In early 2014, my mother was diagnosed with advanced lung cancer. My father was diagnosed with advanced pancreatic cancer later that year and died 5 months later. My mother outlived her initial prognosis but died in early 2017.
Although many people have cared for loved ones at a much younger age than I did, I noticed some interesting trends in the way society interacts with and supports younger carers.
Since my parents died, I have spent time as a palliative care volunteer, providing support to people with life-limiting illnesses and their families. I’m now a director on the Board of Hospice Volunteers South, the not-for-profit organisation that coordinates palliative care volunteers in Southern Tasmania. I’m also a director on the Board of the Council on the Ageing (COTA) Tasmania, a not-for-profit organisation that supports and advocates for older Tasmanians on a range of issues, including aged care and palliative care.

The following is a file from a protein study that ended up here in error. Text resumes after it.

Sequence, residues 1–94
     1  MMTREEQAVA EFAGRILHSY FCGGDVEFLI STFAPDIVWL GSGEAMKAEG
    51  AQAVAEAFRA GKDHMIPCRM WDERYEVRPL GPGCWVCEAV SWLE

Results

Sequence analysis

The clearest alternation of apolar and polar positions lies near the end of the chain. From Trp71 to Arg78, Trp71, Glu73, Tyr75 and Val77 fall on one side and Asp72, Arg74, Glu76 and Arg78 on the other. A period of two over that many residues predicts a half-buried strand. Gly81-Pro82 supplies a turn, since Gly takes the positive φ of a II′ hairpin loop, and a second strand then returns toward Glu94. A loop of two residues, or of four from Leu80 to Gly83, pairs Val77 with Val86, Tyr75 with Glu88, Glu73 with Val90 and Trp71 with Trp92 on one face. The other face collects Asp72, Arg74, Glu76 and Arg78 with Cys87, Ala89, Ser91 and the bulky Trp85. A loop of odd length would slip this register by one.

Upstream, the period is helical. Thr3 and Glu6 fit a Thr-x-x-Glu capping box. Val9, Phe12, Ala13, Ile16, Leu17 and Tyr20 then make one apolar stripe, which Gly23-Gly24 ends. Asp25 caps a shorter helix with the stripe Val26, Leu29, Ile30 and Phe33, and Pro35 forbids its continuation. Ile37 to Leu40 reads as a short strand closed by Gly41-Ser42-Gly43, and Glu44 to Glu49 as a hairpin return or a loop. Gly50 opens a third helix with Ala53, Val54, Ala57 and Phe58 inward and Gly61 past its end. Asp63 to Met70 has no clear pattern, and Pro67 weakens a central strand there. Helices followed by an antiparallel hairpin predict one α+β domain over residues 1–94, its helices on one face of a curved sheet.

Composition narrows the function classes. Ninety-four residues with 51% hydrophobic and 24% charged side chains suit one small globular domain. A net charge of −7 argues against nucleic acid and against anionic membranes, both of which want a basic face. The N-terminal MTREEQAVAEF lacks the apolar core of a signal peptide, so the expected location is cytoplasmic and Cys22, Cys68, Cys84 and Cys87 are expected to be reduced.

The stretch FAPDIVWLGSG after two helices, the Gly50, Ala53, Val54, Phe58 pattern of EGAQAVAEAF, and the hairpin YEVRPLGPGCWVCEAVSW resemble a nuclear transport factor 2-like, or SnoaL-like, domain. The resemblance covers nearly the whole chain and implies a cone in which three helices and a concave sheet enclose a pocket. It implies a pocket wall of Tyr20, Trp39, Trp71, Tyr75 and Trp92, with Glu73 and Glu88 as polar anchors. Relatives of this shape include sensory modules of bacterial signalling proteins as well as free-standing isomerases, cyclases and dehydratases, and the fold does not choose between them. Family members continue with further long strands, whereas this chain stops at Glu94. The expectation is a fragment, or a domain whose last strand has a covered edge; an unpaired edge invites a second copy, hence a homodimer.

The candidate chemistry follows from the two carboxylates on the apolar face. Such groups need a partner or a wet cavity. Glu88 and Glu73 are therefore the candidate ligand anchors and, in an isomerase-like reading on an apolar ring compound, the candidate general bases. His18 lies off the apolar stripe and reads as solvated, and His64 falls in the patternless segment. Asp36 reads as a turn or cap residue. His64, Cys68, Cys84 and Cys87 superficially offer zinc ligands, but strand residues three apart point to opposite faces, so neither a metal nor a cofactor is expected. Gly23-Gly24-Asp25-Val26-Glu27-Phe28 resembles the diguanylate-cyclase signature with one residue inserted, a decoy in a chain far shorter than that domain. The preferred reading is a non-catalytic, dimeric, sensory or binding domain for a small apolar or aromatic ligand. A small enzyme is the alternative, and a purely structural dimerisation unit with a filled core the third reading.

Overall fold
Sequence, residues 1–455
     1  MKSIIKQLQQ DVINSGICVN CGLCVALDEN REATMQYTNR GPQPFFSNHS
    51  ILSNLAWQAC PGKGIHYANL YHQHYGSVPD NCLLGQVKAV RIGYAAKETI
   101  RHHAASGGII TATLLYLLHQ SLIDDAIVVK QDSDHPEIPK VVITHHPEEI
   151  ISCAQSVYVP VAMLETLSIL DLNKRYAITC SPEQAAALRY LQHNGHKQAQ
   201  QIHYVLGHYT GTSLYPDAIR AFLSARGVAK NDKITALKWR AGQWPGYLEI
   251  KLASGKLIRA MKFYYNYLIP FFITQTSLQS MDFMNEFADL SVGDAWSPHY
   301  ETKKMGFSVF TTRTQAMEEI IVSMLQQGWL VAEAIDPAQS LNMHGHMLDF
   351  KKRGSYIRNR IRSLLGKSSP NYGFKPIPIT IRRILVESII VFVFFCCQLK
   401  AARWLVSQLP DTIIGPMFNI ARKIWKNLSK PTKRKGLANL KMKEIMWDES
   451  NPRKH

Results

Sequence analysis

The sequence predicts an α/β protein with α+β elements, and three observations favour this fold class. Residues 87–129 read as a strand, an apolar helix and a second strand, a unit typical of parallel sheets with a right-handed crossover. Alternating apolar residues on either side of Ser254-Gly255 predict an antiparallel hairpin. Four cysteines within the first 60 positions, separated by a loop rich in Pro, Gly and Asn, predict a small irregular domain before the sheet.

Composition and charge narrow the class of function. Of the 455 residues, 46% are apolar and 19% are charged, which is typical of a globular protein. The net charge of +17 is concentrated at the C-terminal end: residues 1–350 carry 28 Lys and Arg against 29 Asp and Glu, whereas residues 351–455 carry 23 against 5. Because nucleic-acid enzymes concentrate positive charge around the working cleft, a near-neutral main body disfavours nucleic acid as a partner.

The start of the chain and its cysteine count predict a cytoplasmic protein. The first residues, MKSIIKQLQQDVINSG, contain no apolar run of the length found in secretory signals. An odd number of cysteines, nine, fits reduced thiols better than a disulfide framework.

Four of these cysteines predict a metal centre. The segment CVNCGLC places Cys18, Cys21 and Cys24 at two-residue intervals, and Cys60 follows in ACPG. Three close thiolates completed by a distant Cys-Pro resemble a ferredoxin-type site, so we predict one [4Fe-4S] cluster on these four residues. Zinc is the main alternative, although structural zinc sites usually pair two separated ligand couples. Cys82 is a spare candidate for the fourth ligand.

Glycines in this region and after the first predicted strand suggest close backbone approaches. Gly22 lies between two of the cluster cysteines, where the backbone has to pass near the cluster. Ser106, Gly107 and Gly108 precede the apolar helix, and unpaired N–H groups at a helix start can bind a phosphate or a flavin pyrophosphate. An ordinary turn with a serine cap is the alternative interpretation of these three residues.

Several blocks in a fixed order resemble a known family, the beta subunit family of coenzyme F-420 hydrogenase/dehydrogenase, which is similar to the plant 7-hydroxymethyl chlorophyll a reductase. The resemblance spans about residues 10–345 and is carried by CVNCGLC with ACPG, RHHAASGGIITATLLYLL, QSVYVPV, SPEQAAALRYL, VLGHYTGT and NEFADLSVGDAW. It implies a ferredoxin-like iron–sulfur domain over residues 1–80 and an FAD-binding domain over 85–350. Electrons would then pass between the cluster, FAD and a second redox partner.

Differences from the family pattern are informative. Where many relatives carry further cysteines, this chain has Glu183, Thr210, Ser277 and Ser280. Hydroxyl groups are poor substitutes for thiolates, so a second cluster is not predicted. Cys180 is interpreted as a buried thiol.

In recent years I have written pieces for Tasmania’s major newspaper The Mercury on issues such as the importance of self-care for younger carers, and the dangers associated with avoiding the word “death” in conversation. I’ve also spoken at events and conferences on my observations as a younger carer and worked with not-for-profit organisations on projects aimed at supporting young people in caring roles.